East Africa moves into oil mainstream

Kenya is not known as a centre of African oil industry activity. While North Africa and the Gulf of Guinea attracted the giants of the global oil industry, the whole of Eastern Africa was largely overlooked. Yet sustained high oil prices triggered a reassessment of the region’s prospects and commercial volumes of hydrocarbons were discovered […]


Kenya is not known as a centre of African oil industry activity. While North Africa and the Gulf of Guinea attracted the giants of the global oil industry, the whole of Eastern Africa was largely overlooked. Yet sustained high oil prices triggered a reassessment of the region’s prospects and commercial volumes of hydrocarbons were discovered in Mozambique, Tanzania, Uganda and now – probably – Kenya.

Exploration efforts have discovered sizeable reserves, while the country could become an important oil export hub for neighbouring states, including Ethiopia, South Sudan and Uganda.

The most high-profile finds in Kenya to date have been made by Anglo-Irish firm Tullow Oil and its partner Africa Oil Corporation. They made their first discovery last year, when they found both crude oil and gas with the Ngamia 1 well on Block 10BB. In February, Tullow announced what it called the “first potentially commercial flow rates achieved in Kenya”, with its Twiga South 1 well, and achieved its fourth consecutive successful well in September, the Ngamia 1 discovery on Block 13T in the Lockichar Basin.

Angus McCoss, the company’s exploration director commented: “This success at the Ekales 1 is further evidence of the exceptional oil potential of our East African Rift Basin acreage. Having opened the first basin with the Ngamia 1 well last year, we are now increasing the pace of exploration in Kenya aiming for 12 wells over the next 12 months.” Apart from further wells in the Lockichar Basin, the partners plan to drill in new areas to see how far the reserves extend.

Tullow has yet to say that the reserves identified so far are definitely commercially viable but it seems more optimistic with every discovery that it makes. In addition, after talks with government officials in April, the IMF did feel sufficiently confident to state that the reserves were “commercially viable”. The Fund reported: “Big oil discoveries in the northern Turkana region have now made Kenya a major venue for oil exploration in East Africa. Kenya expects to start producing oil in six to seven years”.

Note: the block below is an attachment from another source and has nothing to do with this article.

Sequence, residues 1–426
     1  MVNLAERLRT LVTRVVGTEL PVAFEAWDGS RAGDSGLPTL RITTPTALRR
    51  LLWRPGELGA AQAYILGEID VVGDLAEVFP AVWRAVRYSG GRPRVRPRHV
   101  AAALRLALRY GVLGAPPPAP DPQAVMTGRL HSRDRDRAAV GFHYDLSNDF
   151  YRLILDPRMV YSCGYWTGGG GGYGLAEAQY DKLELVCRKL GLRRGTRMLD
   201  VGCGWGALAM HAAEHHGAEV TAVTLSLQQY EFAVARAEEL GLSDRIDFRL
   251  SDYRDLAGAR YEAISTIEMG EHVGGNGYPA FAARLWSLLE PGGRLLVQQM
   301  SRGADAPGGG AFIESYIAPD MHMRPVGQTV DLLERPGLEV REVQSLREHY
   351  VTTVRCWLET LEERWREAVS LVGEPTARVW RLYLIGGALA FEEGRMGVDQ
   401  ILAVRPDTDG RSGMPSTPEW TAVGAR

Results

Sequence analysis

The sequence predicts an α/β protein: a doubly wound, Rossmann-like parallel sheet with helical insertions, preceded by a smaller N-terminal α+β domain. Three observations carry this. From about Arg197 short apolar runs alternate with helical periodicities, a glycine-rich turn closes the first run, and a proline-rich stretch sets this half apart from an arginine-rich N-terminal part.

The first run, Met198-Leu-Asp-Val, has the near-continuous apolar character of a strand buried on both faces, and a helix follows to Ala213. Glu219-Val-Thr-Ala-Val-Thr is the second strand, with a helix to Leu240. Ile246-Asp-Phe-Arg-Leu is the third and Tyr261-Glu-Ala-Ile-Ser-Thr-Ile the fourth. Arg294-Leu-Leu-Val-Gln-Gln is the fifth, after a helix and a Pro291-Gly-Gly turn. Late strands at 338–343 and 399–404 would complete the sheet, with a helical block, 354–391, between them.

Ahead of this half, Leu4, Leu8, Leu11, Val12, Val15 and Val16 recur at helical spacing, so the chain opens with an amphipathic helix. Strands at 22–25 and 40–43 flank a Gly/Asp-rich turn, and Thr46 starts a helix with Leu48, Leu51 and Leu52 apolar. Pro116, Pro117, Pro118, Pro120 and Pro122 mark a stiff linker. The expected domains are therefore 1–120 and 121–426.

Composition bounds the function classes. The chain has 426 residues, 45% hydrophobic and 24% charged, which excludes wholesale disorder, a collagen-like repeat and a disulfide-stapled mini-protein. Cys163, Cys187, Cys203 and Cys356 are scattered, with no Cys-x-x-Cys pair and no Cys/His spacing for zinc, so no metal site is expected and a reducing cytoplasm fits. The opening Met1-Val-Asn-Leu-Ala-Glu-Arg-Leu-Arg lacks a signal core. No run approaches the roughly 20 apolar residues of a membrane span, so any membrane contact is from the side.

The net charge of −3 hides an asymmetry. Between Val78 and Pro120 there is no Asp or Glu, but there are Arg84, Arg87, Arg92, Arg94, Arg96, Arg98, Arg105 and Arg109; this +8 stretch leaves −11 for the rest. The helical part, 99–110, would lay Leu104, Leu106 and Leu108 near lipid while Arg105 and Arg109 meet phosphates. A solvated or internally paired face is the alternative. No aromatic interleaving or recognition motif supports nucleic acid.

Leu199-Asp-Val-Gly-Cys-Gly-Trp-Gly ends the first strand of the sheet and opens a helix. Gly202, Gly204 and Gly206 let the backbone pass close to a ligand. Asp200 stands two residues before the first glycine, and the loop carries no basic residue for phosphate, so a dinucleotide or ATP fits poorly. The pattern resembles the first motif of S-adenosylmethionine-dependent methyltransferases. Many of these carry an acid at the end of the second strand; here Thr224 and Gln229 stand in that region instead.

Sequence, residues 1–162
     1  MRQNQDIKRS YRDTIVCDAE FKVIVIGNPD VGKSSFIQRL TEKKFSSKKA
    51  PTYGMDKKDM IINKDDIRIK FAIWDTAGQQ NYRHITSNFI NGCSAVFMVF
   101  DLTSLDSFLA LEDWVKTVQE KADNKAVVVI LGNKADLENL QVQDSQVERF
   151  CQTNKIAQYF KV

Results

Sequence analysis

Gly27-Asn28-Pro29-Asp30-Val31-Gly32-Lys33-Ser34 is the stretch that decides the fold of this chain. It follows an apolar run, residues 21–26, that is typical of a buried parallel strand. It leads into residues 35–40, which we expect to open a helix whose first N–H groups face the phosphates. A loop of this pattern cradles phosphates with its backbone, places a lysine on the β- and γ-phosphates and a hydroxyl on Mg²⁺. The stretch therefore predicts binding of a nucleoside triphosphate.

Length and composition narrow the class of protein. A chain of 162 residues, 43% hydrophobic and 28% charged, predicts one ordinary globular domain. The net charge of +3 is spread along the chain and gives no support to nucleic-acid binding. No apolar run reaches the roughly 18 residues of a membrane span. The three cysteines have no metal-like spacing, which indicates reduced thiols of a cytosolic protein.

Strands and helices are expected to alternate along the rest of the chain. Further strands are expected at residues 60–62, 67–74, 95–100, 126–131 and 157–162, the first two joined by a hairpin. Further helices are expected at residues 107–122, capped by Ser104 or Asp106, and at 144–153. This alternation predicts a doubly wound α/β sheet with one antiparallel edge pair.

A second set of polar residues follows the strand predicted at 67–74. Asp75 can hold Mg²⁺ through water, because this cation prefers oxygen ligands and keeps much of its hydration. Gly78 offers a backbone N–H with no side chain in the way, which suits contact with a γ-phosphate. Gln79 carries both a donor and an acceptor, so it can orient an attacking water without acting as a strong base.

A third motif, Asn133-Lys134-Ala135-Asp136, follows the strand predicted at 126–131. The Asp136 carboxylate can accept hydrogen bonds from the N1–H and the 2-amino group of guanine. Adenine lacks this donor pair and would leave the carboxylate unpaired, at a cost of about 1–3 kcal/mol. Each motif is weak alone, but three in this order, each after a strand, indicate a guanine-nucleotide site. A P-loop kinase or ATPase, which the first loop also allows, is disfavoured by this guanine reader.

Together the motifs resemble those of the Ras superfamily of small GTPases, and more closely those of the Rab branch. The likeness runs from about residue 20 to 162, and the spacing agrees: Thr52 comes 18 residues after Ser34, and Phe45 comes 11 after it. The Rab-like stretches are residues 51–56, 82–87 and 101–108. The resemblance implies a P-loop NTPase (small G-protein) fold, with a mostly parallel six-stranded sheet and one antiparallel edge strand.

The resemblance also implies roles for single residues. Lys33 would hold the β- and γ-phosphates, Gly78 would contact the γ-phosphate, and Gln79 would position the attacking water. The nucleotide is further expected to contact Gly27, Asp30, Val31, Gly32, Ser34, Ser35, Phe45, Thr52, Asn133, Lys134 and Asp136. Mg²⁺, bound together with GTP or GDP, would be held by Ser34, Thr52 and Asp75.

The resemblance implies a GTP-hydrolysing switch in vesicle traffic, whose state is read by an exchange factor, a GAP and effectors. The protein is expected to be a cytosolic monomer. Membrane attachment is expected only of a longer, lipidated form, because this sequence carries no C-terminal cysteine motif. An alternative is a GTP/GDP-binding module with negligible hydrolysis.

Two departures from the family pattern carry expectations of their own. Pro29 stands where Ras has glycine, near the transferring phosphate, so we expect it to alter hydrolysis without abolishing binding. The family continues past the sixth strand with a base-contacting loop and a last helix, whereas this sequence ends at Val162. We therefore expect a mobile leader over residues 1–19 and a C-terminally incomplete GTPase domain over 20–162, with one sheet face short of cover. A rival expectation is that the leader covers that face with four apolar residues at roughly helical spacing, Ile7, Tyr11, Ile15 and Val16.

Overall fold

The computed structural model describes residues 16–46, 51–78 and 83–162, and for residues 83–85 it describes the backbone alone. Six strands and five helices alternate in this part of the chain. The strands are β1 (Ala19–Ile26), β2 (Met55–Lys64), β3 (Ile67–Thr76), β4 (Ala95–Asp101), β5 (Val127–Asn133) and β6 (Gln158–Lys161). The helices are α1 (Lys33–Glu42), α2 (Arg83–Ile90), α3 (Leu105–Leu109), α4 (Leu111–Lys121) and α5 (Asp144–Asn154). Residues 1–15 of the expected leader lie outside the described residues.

The chief executive of Africa Oil Corporation, Keith Hill, says that the partners would require oil reserves of 300-500m barrels to justify the construction of a pipeline. Hill added: “With the drilling programme we have got this year, it’s possible we will start getting close to those thresholds by the end of the year … But it’s really hard to predict: it would depend on the success of the upcoming wells.”

A total of 22 foreign oil companies are now active in Kenya, including several that are also working further south in Tanzania and Mozambique, such as Cove, Anadarko and Total. Indeed, the string of finds that has been made on its Eastern African acreage saw Cove bought by PTT of Thailand last year.

The finds made thus far have not been restricted to the Tullow-Africa Oil blocks. Last September, a consortium of Apache Corporation (50%), Origin Energy (20%), Tullow Oil (15%) and Pancontinental Oil & Gas (15%) discovered natural gas offshore on Block L8.

The managing director of Apache Kenya, Tim Gilblom, said: “The fact that we’ve proven that there is a hydrocarbon source below these basins gives us and others exploring for oil off the Kenyan cost hopes that there are higher chances of success. The key to remember is that we’ve proven that there is a hydrocarbon source below the Lamu Basin offshore Kenya and now all we have to do is further characterise it to figure out where the best next place to drill is.”